Where is the Iron Pig Statue?

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Gelin_

Where is the Iron Pig Statue?

Post by Gelin_ » Wed Dec 15, 2004 11:45 am

In several articles about Haiti on the web, people keep mentioning an 'Iron Pig Statue" built in P-au-P supposedly in honor of Bookman, or the Bois-Caiman ceremony. A search on the web using these keywords will reveal what I am talking about. Can anybody help me locate that statue...? Has anybody seen it...?

gelin

Gelin_

Post by Gelin_ » Fri Dec 17, 2004 11:46 am

Will anyone help me locate that mysterious iron pig statue?

gelin

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Post by admin » Fri Dec 17, 2004 1:47 pm

Gelin, perhaps the reason you haven't gotten an answer is that the iron pig statue does not really exist. But before I jump to such a conclusion, would you tell us the sources of that information that you have come across?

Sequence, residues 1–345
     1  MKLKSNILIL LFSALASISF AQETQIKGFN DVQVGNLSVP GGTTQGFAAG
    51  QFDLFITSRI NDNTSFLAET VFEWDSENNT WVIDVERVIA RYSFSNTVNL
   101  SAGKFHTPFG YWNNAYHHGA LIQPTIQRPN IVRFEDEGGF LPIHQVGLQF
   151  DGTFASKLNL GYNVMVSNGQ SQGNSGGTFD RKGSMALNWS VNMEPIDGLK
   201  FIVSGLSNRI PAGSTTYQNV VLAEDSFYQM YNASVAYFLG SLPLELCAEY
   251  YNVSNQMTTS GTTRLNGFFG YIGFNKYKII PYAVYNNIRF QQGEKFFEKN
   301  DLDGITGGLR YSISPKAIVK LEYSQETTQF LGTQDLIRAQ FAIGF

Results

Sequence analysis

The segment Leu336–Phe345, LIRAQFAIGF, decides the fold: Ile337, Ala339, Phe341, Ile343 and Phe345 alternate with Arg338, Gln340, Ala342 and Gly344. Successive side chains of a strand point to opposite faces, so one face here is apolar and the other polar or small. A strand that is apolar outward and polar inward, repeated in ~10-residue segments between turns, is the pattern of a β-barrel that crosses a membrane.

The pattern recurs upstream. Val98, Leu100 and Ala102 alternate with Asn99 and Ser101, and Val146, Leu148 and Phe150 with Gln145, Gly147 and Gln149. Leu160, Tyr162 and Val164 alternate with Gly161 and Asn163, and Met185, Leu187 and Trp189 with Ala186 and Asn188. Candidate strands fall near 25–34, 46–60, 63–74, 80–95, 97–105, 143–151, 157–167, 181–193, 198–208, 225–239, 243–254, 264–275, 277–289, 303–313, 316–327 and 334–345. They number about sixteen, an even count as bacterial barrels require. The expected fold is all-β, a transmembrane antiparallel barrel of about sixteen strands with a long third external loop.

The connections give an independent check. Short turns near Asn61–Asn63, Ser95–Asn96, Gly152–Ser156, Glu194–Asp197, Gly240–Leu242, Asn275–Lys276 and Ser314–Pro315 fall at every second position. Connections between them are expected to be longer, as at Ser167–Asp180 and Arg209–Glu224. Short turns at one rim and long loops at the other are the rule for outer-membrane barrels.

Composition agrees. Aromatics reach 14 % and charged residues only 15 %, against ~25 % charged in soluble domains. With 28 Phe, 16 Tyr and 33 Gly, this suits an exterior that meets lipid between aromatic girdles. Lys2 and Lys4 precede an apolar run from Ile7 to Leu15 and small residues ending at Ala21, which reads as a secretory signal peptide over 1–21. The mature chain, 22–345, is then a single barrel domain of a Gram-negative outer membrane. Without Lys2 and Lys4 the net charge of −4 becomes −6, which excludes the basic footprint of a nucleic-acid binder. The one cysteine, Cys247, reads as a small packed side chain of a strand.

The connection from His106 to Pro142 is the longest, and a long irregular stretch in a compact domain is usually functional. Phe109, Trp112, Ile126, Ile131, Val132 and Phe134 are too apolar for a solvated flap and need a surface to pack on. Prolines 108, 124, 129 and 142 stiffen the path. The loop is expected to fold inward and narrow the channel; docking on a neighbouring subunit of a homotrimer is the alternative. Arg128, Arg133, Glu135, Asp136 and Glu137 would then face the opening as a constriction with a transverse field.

That could be very useful.

Guy

Gelin_

Post by Gelin_ » Fri Dec 17, 2004 3:13 pm

Just a couple of references:

[quote]...On the night of August 14, 1791, the slaves sealed that unity in a ceremony held in the woods at Bois Caiman, not too far from Cap-Haitien. A pig was slaughtered, and all of those present drank of the blood of that pig and together pledged 200 years of service to the spirits of the island in exchange for victory over the French. An iron statue of a pig sits in Port-au-Prince to commemorate that event...
Source: www.rootzreggae.com/Rootz-kulcha/HaitianRevolution.htm
[/quote]

[quote]...On 14 August 1791, a black slave and witch doctor named Boukman led the slaves in a voodoo ritual. They sacrificed a pig and drank its blood to form a pact with the devil, whereby they agreed to serve the spirits of the island for 200 years in exchange for freedom from the French. The slave rebellion commenced on 22 August 1791, and after 13 years of conflict, the slaves won t